Ever Heard Of Benzene Poisoning? Me Neither. But Samsung And Apple Have.

Our culture is consumed with various devices that somehow magically appear in neat little boxes at the store or at our front door. But guess what? Those devices come at a human cost. Here's just one aspect of that.

FACT CHECK TIME:

1. Ever year in China, over 12 million teens leave home to find work. CNN reports 17 million, though their story focuses on farms, not factories.

2. They're part of 260 million Chinese who must travel far from home just to make a living, CNN reports, citing the China Labour Bulletin.

3. This Fast Company article has a first-person account of days being 8 a.m. to about 9 p.m., not including travel. Global Labour Rights reports long hours and seven-days-a-week work for factory workers. China Labor Watch reports working 8 a.m. to 8 p.m. with one day off a month when production is heavy.

4. Benzene causes leukemia. Benzene is a category 1 carcinogen banned in most Western countries for industrial use.

5. The BBC and The Guardian report on n-hexane poisoning.

6. In China, over 200 million people are working in hazardous environments.

7. And much of the factory/benzene stuff is supported in this Guardian article.

Transcript:
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Narrator: This is what matters. The experience of a product. Will it make life better? Until every idea we touch enhances each life it touches.

 [crosstalk]

Woman: When I was in third grade my mother left home to work as a migrant worker. When I was in seventh grade we stopped hearing from her. I wanted to find her. To rescue her. My mind was set on earning enough money as possible. 

Woman: My dream was to leave home. To leave the country side and the mountains behind me. I was only fourteen when I started to work on the factory. I went to work because my parents worked so hard all year long to pay for my education.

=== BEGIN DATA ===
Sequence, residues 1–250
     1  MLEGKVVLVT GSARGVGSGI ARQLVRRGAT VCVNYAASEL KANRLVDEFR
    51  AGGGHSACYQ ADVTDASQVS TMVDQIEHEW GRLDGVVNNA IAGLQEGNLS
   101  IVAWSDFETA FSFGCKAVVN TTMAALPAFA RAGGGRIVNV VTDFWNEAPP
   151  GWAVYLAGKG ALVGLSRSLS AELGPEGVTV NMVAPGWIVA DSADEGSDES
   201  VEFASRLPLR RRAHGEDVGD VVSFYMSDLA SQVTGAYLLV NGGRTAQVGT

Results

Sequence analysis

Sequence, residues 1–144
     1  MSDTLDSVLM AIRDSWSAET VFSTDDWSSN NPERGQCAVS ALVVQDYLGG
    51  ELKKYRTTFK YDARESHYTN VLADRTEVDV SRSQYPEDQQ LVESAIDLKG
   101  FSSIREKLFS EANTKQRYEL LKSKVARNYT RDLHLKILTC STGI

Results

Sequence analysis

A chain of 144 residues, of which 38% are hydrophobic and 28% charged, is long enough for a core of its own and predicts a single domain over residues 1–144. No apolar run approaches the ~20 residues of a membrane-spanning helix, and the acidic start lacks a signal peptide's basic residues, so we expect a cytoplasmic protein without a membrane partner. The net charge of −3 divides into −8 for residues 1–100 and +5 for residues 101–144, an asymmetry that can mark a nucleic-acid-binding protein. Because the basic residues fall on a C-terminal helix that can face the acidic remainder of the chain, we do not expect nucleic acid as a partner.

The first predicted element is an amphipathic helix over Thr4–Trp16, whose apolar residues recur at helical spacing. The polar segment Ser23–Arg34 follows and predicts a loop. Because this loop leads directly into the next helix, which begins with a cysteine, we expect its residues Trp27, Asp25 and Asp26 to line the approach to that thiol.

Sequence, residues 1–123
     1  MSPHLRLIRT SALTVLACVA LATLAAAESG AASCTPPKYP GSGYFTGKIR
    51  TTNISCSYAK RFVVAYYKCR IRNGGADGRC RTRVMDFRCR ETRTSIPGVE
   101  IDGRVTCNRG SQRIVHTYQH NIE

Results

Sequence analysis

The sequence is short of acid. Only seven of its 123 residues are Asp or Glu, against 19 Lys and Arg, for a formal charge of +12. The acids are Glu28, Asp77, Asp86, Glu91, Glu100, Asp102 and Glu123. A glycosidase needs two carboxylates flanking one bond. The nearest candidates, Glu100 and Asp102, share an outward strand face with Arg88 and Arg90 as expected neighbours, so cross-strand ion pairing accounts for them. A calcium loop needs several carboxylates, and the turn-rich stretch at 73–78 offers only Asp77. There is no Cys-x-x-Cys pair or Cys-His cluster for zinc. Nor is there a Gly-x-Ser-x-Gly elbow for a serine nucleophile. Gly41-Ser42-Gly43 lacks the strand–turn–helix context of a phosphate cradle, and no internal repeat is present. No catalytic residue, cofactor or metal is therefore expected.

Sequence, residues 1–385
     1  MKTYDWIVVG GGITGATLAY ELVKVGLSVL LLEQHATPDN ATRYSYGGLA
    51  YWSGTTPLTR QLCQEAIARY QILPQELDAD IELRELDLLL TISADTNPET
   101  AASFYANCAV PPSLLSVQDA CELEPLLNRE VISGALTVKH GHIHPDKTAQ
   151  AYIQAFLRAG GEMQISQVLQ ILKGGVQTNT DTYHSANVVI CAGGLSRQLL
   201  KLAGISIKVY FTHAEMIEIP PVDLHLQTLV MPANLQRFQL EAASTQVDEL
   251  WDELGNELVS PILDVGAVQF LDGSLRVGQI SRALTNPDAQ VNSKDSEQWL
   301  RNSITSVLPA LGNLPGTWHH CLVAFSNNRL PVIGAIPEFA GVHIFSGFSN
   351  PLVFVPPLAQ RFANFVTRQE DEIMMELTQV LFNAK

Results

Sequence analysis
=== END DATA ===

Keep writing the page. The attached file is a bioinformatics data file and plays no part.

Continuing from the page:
Narrator: In China, every year, over 12 million teenagers leave home to find work. They're part of 260 million Chinese who must travel far from home just to make a living.

Woman: My work day started at 8:00 a.m. and ended at 11:00 p.m.. There were no holidays. I only had one night off a month. We sat there all day cleaning phone chips and using chemicals. 

Woman: There was an Apple screen and a Nokia screen. When I wasn't eating or sleeping I would be wiping something. It was the only thing I did. There was no other ventilation, no windows. The smell was horrible at first, but I eventually got used to it.

Male: My son's name is Ming Quin Pong. He just turned 26 years old. This should be the best time of his life. But, unfortunately, he was diagnosed with leukemia in May of 2009. After three examinations over 12 months, it was confirmed to be occupational leukemia. It was a form of cancer caused by benzine. 

Narrator: Benzine is a category one carcinogen that is banned in most western countries for industrial use. China, maker of more than 50% of the world's cell phones, is an exception. 

Ye Yeting: I've now been through twenty-eight Chemotherapy treatments. My bones hurt a lot. It feels like thousands of ants biting my insides. It's really painful.

Male: I've been living in this hospital for six years now. It feels like a prison, and there's no way to escape. I feel like my life is over. I really don't know what to do.